The Sahel is as much a land of opportunities as it is of challenges. Home to over 135 million people, the region has abundant human, cultural and natural resources, offering tremendous potential for rapid growth. Yet deep-rooted environmental and socio-economic challenges—from stability and food security, to desertification and climate change—affect the prosperity and peace of the Sahel.
Established in 2007, the Green Great Wall (GGW) is one of the earliest international land restoration initiatives, bringing together African countries and international partners, under the leadership of the African Union. Its vision has evolved into an integrated ecosystem management approach with a mosaic of different land use and production systems. By 2030, it aims to restore 100 million hectares of degraded land, sequester 250 million tons of carbon and create 10 million green jobs.
Faced with coordination challenges and technical barriers, a GGW Accelerator was established in 2021 to ensure more coordinated support to GGW Member States and institutions, while supporting the implementation of the GGW. Through its programme of loans and grants, IFAD coordinates its actions with the Accelerator and other partners to scale-up the GGW, taking part in several task forces to better coordinate, develop and measure the impact of GGW programmes.
IFAD plays a leading role in developing regional support programmes, funded by the Green Climate Fund and the Global Environment Facility. Through collaboration, IFAD ensures that knowledge is shared among GGW stakeholders, including the private sector and farmers’ organizations. We map innovation and digital transformation technologies and are building a digital and innovation platform to share this knowledge.
IFAD supports more than 30 projects in the Sahel and has launched several multi-country projects with partners, including IGREENFIN, which supports access to credit for green agricultural investments, and the Africa Integrated Climate Risk Management Programme, which restores degraded land and provides agricultural insurance in six GGW countries.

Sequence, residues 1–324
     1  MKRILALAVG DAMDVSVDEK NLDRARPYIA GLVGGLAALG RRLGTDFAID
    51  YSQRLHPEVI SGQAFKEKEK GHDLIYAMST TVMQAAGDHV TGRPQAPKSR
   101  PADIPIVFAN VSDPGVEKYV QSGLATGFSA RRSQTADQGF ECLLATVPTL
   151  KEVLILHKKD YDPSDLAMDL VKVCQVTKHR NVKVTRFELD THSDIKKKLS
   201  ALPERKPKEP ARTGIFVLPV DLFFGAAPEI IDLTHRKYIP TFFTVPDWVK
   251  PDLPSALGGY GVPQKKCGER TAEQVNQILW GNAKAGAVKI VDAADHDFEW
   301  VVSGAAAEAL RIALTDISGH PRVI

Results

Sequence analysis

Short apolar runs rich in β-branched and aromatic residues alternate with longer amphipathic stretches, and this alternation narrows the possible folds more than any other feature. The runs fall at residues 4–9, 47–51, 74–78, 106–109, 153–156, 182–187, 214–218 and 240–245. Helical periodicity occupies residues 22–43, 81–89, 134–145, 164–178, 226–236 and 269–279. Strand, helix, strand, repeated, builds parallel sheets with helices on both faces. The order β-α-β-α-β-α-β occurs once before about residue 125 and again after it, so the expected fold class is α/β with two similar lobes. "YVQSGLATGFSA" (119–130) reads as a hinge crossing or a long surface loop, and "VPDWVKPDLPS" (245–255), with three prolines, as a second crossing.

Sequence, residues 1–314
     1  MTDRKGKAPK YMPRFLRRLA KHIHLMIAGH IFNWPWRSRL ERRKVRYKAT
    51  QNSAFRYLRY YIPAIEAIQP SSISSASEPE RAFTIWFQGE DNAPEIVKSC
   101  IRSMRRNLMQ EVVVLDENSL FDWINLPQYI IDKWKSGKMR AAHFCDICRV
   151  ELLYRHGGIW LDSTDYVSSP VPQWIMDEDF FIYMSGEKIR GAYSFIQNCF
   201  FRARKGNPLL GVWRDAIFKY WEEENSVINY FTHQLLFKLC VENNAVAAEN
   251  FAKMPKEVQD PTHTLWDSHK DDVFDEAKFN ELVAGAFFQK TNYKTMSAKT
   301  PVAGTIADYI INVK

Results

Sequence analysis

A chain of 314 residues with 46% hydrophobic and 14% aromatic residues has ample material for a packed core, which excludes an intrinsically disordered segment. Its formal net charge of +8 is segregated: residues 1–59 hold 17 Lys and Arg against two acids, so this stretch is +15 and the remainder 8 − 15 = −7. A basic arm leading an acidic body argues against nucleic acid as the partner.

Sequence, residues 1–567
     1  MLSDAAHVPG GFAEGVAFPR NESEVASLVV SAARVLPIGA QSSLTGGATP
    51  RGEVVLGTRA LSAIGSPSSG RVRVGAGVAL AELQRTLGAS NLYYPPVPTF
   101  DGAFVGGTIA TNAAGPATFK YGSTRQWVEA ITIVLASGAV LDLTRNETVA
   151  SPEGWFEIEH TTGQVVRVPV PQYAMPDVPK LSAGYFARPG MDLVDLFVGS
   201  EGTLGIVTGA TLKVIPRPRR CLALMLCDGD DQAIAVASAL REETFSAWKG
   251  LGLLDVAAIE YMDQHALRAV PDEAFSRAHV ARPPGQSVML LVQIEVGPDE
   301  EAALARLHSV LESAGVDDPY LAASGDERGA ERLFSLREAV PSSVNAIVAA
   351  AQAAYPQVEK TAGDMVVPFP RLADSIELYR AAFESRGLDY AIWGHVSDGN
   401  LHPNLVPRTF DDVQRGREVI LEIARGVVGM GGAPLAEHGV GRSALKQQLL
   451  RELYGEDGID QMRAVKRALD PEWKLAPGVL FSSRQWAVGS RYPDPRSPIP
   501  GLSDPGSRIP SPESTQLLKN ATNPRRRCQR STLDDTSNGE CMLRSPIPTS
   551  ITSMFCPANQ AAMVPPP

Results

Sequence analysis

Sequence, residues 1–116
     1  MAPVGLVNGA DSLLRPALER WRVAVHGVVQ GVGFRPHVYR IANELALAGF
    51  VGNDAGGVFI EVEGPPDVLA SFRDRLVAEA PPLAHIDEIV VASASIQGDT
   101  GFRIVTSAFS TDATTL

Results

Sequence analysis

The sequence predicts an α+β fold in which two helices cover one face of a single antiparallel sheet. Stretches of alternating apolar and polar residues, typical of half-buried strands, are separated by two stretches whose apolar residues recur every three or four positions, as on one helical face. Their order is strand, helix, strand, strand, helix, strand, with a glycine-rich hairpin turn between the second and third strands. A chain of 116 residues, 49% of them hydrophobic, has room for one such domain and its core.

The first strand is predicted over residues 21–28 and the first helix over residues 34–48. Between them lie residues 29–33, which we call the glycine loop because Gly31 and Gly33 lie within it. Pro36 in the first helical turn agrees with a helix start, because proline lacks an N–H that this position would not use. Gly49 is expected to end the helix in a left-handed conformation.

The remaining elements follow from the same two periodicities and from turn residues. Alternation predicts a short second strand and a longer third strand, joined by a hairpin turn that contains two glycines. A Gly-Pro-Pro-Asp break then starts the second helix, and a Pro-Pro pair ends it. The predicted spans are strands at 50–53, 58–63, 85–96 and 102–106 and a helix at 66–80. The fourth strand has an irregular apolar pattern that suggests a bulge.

Working with FAO and WFP, the Regional Joint Programme Sahel for emergency and rural development in the Sahel (SD3C programme) aims to revitalize economic activities and food systems in the Sahel.
The 27th Conference of the Parties (COP27) will focus on adaptation and agriculture, calling for scaled up financing for poor and vulnerable communities so they can cope with the increasing impacts of climate change.
A new US$143 million investment programme will ensure millions of the most at-risk rural people living in the Sahel region of West Africa can adapt to climate change, with a wide-reaching plan to restore degraded land and provide climate information systems and agricultural insurance. The announcement was made today at the UN climate change conference (COP26) during a signing ceremony of the grant agreement between IFAD and the Green Climate Fund (GCF).
The Great Green Wall was envisioned as a line of trees stretching across Africa to protect against desertification. Today, it is a mosaic of farms, forests, and wilderness, where sustainable agriculture is the norm and rural-dwellers thrive.
The best way to make the desert bloom is to dig a hole. Not a well, but a shallow pit in the sandy soil about as wide as the length of your forearm. Then add some dung, plant your seeds, and wait for the rains.
The Strategy and Knowledge Department (SKD) Learning Note #1 captures lessons about the design and supervision of Green Climate Fund (GCF) projects and lays out some possible recommendations, in order to build IFAD’s capacity and continue strengthening the partnership with GCF.